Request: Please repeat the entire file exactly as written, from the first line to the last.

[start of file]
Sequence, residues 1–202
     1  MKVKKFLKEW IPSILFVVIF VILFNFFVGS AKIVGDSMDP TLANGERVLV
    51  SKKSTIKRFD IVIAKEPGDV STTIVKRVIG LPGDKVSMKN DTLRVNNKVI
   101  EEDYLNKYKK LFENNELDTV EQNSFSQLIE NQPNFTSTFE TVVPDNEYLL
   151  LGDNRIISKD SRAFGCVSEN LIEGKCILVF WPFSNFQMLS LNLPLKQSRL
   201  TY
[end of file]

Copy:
Sequence, residues 1–202
     1  MKVKKFLKEW IPSILFVVIF VILFNFFVGS AKIVGDSMDP TLANGERVLV
    51  SKKSTIKRFD IVIAKEPGDV STTIVKRVIG LPGDKVSMKN DTLRVNNKVI
   101  EEDYLNKYKK LFENNELDTV EQNSFSQLIE NQPNFTSTFE TVVPDNEYLL
   151  LGDNRIISKD SRAFGCVSEN LIEGKCILVF WPFSNFQMLS LNLPLKQSRL
   201  TY